Sowing Swapped Seeds

This week the weather has turned more wintry, and with the evenings closing in, the weekday afternoons I have free seem very short.  By the time I’ve had a spot of lunch there is only an hour or so before it is getting too dark to work outside.  I have continued to clear the fallen trees by the river.  Of course cutting them back is only half the job.  The cut branches then need moving through to the tree field, and will want cutting to length.  I’m eyeing up some of the nice hazel branches to make something crafty with.  Maybe shrink pots, or a wizard’s staff…..  I’ve moved some stones to make rather wobbly stepping stones over the worst of the boggy area and still have a lot of cut branches to clear away.

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One exciting thing that has happened this week is some seeds that I swapped for some perennial buckwheat seeds have arrived.  These are for Akebia – a perennial vigorous climber that should have chocolate or vanilla scented maroon flowers followed by a purple fat sausage fruit which is edible (see https://lassleben.wordpress.com/2017/11/08/autumnal/ for example)  The sweet seedy pulp is eaten as a fruit, and the skin, although bitter, can be cooked as a vegetable.  These seeds came from a fruit bought at a market in Japan, see https://www.facebook.com/photo.php?fbid=1321572664620803&set=gm.1739693236041770&type=3&theater&ifg=1.  Nominally it can grow outside, but given I still don’t consider I have achieved much shelter, I will hope to plant this (if I get them to germinate) in the polytunnel.  You need two different plants to get fruit.  Hopefully if I get two plants from these seeds, they will be dissimilar enough to cross fertilise.  Apparently chiltern seeds sell Akebia seeds so if the plants grow, and if they don’t fertilise, and I find out whether my seeds are Akebia quinata (five lobed leaves) or Akebia triloba (three lobed leaves) I can get some more seeds and grow some unrelated plants (Phew!, that was getting involved there).  According to PFAF, my go-to resourse for germination information, stored Akebia seed is very difficult to germinate, luckily Kim, who swapped these with me, has kept them in damp tissue since eating the fruit, so they should germinate better.  They also need light to germinate, so I have pushed them into the surface of some damp compost in a old strawberry punnet with a hinged lid.  It is currently in the polytunnel, but I may bring it in, since I think the weather will soon be getting too cold in there, and the temperature PFAF mentions is 15 degrees, which it would gain during the day, but will soon be dropping to near freezing overnight, even in the tunnel.  I have kept most of the seeds back inside to dry, since I don’t need dozens of plants (my sad hablitzia plants are a poignant reminder not to sow more than I need – although one or two are hopefully off to good homes this autumn).  I may just pop a few in a zip lock bag on a damp tissue as well, as this apparently can work.  If I don’t get some Akebia to germinate over the winter, I can try with my stored seeds in the spring, or pass them on again if not required.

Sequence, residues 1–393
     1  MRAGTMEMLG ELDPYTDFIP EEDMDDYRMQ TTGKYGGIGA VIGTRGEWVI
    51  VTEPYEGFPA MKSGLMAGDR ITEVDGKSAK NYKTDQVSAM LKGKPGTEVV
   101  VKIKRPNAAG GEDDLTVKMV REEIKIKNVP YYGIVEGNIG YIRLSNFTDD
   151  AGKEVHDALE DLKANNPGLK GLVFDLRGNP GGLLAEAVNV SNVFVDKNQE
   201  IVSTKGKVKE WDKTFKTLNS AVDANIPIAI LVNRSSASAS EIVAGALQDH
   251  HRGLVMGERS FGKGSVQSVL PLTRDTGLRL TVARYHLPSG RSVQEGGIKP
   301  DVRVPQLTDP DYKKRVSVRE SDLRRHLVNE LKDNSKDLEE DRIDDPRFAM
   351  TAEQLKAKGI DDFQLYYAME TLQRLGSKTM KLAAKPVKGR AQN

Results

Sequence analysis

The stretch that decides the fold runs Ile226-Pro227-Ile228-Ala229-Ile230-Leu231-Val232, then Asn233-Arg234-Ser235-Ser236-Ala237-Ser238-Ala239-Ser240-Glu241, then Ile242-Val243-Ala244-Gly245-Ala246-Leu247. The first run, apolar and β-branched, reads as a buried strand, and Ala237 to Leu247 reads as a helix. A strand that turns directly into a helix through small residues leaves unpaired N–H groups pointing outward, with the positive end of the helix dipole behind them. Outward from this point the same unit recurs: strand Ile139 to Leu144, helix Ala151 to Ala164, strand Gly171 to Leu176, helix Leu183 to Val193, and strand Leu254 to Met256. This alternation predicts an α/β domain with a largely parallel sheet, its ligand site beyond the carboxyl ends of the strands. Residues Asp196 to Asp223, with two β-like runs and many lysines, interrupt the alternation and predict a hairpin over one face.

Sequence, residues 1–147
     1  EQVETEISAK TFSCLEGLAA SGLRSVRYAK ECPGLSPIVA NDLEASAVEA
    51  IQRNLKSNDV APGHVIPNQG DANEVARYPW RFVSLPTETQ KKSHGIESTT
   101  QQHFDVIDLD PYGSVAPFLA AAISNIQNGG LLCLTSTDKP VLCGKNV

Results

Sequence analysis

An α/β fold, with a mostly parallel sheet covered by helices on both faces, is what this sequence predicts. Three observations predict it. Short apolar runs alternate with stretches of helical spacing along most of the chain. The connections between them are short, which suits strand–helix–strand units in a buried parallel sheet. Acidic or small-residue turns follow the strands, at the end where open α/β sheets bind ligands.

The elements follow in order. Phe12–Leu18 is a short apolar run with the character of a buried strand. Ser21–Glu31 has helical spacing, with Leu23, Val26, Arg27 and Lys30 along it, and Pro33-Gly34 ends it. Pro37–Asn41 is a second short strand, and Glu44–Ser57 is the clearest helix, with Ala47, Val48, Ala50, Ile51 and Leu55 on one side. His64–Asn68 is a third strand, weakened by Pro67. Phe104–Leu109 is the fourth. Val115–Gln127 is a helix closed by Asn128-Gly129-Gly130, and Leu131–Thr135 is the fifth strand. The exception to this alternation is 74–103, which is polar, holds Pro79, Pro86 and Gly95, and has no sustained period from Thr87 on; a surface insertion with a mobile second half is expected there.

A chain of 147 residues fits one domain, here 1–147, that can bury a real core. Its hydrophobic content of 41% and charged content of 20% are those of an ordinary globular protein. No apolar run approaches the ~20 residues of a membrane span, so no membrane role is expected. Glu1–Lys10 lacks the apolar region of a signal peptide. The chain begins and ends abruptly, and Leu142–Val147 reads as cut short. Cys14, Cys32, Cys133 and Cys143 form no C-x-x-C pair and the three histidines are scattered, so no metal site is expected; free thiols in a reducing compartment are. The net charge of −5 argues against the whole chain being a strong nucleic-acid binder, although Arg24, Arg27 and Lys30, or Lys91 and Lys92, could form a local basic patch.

akebia seeds
Akebia seeds on paper to dry

 

5 thoughts on “Sowing Swapped Seeds

  1. Good luck with the akebia. They do look very un-fruitlike but fun😊.

    I’m intrigued by how many plants there out there that I know nothing about. It would be great to have stuff which looked pretty, had flowers in winter etc….

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    1. There are millions of different plants on the globe, only a small fraction have been chosen to be garden worthy in the UK. My particular interest is edible plants, followed by plants that are useful, followed by plants that actually grow well! I am restricted slightly by what will tolerate wet acid soil and strong salt winds, but am blessed by a mild winter and cool summer. Each garden and gardener have their strengths and weaknesses. Because of my location I buy a lot of plants by mail order. There is a good garden centre – ‘Skye shrubs’ in Portree, but I don’t get out of the Glen that often! The internet is great for information, the RHS and PFAF both have filters on their plant catalogues so you can look for ground cover plants that flower in May for example. I like to look through gardening books, I have several plant catalogues on various themes – the latest being the wet garden book that was recommended by Island Threads who gardens on the outer islands. I’m also the sort of person that would rather fail to grow an Akebia than a carrot – I’m afraid both are equally likely!

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      1. I think mail order is de rigueur wherever you are if you want something out of the ordinary!

        I’m just absorbing at the moment and trying out stuff that comes my way. I’m still waiting to plant the vetch you sent me – the nasturtiums are going strong in the ground where I want to sow it….

        Not heard of the PFAF but will look them up.

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